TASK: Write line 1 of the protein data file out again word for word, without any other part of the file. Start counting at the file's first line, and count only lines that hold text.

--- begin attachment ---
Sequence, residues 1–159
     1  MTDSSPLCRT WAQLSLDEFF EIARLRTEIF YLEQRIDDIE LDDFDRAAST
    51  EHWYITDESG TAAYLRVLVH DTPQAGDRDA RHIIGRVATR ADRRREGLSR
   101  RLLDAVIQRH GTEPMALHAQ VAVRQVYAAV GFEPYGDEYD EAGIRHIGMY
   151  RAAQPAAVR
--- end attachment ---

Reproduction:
Sequence, residues 1–159